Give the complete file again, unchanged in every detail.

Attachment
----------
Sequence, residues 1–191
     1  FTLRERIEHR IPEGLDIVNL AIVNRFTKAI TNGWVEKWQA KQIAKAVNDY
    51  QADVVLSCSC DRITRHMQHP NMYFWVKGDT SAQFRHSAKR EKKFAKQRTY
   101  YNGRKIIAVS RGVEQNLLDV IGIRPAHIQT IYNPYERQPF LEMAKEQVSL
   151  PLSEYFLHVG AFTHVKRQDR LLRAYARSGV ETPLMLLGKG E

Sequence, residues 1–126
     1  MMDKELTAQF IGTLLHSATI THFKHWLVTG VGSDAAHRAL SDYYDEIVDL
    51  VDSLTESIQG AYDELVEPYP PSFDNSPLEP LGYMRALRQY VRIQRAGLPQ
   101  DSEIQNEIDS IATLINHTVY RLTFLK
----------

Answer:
Sequence, residues 1–191
     1  FTLRERIEHR IPEGLDIVNL AIVNRFTKAI TNGWVEKWQA KQIAKAVNDY
    51  QADVVLSCSC DRITRHMQHP NMYFWVKGDT SAQFRHSAKR EKKFAKQRTY
   101  YNGRKIIAVS RGVEQNLLDV IGIRPAHIQT IYNPYERQPF LEMAKEQVSL
   151  PLSEYFLHVG AFTHVKRQDR LLRAYARSGV ETPLMLLGKG E

Sequence, residues 1–126
     1  MMDKELTAQF IGTLLHSATI THFKHWLVTG VGSDAAHRAL SDYYDEIVDL
    51  VDSLTESIQG AYDELVEPYP PSFDNSPLEP LGYMRALRQY VRIQRAGLPQ
   101  DSEIQNEIDS IATLINHTVY RLTFLK